LWN runs an interesting article, covering different ways of archiving a website. It sounds trivial, but it’s not. Even the simplest of ways – wget – will probably take you a few dozen attempts to figure out the following:
$ wget --mirror --execute robots=off --no-verbose --convert-links \
--backup-converted --page-requisites --adjust-extension \
--base=./ --directory-prefix=./ --span-hosts \
There a few other interesting tools (like pywb) mentioned.
GitHub to MySQL is a handy little app in PHP that pulls labels, milestones and issues from GitHub into your local MySQL database. This is useful for analysis and backup purposes.
There are a few example queries provided that show issues vs. pull requests, average number of days to merge a pull request over the past weeks, average number of pull requests open every day, and total number of issues.
I think this tool can be easily extended to pull other information from GitHub, such as release notes, projects, web hooks. Also, if you are using multiple version control services, such as BitBucket and GitLab, extending this tool can help with merging data from multiple sources and cross-referencing it with the company internal tools (bug trackers, support ticketing systems, CRM, etc).
This is not something I’ll be doing now, but I’m sure the future is not too far away.
As I am reading this story – GitLab.com melts down after wrong directory deleted, backups fail and these details – every single hair I have, moves … I don’t (and didn’t) have any data on GitLab, so I haven’t lost anything. But as somebody who worked as a system administrator (and backup administrator) for years, I can imagine the physical and psychological state of the team all too well.
Sure, things could have been done better. But it’s easier said than done. Modern technology is very complex. And it changes fast. And businesses want to move fast too. And the proper resources (time, money, people) are not always allocated for mission critical tasks. One thing is for sure, the responsibility lies on a whole bunch of people for a whole bunch of decisions. But the hardest job is right now upon the tech people to bring back whatever they can. There’s no sleep. Probably no food. No fun. And a tremendous pressure all around.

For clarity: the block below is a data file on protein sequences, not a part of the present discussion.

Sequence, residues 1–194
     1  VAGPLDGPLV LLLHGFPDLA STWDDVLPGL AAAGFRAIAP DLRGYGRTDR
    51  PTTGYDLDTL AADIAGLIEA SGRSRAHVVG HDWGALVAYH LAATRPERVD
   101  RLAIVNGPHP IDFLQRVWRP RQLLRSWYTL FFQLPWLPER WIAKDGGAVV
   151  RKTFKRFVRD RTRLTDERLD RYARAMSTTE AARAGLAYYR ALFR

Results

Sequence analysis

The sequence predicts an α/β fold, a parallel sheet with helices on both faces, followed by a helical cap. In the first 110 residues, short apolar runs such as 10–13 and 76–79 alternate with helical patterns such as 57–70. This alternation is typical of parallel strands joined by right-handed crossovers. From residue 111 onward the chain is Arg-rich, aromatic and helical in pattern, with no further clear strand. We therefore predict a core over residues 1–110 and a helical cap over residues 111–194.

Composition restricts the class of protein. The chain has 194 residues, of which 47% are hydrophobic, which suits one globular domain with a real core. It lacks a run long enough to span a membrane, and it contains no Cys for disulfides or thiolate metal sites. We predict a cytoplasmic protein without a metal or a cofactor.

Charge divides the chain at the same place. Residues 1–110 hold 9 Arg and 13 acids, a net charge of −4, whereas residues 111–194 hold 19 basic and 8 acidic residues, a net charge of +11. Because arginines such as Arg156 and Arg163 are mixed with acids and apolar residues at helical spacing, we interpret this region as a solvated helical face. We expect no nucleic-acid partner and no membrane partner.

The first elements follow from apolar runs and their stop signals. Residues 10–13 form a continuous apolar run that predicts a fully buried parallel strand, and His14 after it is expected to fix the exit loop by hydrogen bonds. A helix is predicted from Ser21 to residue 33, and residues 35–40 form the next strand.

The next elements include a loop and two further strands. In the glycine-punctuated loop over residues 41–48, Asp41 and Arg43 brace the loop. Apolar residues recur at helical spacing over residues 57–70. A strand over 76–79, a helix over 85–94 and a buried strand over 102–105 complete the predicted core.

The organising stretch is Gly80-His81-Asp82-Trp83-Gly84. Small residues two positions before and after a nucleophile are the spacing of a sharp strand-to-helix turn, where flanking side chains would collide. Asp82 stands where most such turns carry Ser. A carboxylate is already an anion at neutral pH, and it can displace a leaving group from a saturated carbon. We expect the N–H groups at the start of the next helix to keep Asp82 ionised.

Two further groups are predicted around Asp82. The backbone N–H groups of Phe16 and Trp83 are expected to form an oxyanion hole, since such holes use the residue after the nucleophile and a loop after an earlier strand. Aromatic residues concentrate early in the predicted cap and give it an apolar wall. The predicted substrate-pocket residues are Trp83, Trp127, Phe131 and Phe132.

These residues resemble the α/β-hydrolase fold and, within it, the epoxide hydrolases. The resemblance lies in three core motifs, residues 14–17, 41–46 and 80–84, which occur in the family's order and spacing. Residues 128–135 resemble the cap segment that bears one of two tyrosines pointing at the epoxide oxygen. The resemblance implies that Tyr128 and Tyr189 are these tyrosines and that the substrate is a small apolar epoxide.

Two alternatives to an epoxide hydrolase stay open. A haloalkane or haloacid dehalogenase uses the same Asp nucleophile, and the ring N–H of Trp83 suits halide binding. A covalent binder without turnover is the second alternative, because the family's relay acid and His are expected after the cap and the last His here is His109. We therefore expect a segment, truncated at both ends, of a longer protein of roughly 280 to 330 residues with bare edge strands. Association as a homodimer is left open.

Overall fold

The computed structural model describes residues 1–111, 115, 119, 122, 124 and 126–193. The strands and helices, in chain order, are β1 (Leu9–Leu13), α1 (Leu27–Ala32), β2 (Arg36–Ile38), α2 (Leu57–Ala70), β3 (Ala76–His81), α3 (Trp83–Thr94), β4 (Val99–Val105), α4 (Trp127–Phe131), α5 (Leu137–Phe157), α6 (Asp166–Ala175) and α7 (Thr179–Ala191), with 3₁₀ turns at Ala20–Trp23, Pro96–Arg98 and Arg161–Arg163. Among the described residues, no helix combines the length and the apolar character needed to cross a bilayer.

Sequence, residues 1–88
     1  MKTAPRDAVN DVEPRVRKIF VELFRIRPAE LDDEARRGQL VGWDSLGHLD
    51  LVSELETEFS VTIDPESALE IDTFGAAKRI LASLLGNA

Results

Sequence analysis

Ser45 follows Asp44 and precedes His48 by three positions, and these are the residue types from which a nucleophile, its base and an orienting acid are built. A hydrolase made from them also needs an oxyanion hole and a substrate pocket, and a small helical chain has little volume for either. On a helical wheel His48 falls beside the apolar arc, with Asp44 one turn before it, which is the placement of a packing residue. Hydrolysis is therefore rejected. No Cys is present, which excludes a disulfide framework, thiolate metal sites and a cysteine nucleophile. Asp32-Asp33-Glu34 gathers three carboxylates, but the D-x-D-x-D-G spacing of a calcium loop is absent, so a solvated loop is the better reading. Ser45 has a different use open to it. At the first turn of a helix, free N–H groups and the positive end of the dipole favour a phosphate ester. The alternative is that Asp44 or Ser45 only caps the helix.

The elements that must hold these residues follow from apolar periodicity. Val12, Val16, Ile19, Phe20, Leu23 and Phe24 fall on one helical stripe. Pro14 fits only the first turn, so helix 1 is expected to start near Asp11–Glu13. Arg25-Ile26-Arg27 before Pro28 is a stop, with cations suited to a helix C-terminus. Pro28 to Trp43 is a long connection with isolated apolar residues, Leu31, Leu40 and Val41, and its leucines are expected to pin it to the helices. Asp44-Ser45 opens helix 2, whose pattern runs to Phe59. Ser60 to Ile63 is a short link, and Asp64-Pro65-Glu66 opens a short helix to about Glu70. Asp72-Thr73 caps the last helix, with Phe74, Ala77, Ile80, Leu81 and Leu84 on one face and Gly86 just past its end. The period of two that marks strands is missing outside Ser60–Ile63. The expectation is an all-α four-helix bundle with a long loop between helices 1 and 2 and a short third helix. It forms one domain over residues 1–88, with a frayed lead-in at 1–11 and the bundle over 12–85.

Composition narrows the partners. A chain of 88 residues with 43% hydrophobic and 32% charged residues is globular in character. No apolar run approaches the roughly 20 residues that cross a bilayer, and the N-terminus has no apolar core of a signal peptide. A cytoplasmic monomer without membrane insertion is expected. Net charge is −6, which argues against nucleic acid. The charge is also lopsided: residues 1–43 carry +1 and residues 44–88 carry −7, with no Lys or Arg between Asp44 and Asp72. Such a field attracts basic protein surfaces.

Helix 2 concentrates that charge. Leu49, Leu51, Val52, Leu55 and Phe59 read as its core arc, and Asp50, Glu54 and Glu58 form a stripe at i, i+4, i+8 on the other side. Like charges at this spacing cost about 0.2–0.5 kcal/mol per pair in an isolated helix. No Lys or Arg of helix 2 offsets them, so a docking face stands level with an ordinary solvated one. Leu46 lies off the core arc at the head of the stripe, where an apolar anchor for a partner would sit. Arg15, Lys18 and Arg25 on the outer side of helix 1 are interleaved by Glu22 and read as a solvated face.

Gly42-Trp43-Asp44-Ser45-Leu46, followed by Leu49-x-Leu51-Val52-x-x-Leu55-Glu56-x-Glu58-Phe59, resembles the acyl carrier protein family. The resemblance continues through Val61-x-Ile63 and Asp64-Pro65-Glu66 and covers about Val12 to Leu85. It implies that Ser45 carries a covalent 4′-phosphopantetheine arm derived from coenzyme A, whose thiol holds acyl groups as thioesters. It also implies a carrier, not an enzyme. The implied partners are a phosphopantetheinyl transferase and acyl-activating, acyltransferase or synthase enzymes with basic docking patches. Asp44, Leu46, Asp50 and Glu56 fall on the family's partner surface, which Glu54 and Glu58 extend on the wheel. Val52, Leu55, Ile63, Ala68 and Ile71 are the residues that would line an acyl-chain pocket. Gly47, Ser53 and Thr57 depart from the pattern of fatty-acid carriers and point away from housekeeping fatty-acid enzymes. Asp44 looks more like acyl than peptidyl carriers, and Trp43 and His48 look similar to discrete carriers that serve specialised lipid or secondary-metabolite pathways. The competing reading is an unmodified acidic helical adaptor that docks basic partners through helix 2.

I wish the guys and gals at GitLab a super good luck. Hopefully they will find a snapshot to restore from and this whole thing will calm down and sort itself out. Stay strong!
And I guess I’ll be doing test restores all night today, making sure that all my things are covered…
Update: you can now read the full post-mortem as well.
Back in my college days, I had a professor who frequently used Andrew Tanenbaum‘s quote in the networking class:
Never underestimate the bandwidth of a station wagon full of tapes hurtling down the highway.
I guess he wasn’t the only one, as during this year’s Amazon re:Invent 2016 conference, the company announced, among other things, a AWS Snowmobile:
Moving large amounts of on-premises data to the cloud as part of a migration effort is still more challenging than it should be! Even with high-end connections, moving petabytes or exabytes of film vaults, financial records, satellite imagery, or scientific data across the Internet can take years or decades. On the business side, adding new networking or better connectivity to data centers that are scheduled to be decommissioned after a migration is expensive and hard to justify.
In order to meet the needs of these customers, we are launching Snowmobile today. This secure data truck stores up to 100 PB of data and can help you to move exabytes to AWS in a matter of weeks (you can get more than one if necessary). Designed to meet the needs of our customers in the financial services, media & entertainment, scientific, and other industries, Snowmobile attaches to your network and appears as a local, NFS-mounted volume. You can use your existing backup and archiving tools to fill it up with data destined for Amazon Simple Storage Service (S3) or Amazon Glacier.
Thanks to this VentureBeat page, we even have a picture of the monster:
100 Petabytes on wheels!
I know, I know, it looks like a regular truck with a shipping container on it. But I’m pretty sure it’s VERY different from the inside. With all that storage, networking, power, and cooling needed, it would be awesome to take a pick into this thing.
If you are running a Magento-based website, make sure you add the database maintenance script to the cron. For example, append this to the /etc/crontab:
# Magento log maintenance, as per
0 23 * * 0 root (cd /var/www/html/mysite.com && php -f shell/log.php clean)
Thanks to this page, obviously. You’ll be surprised how much leaner your database will be, especially if you get any kind of traffic to the site. Your database backups will also appreciate the trim.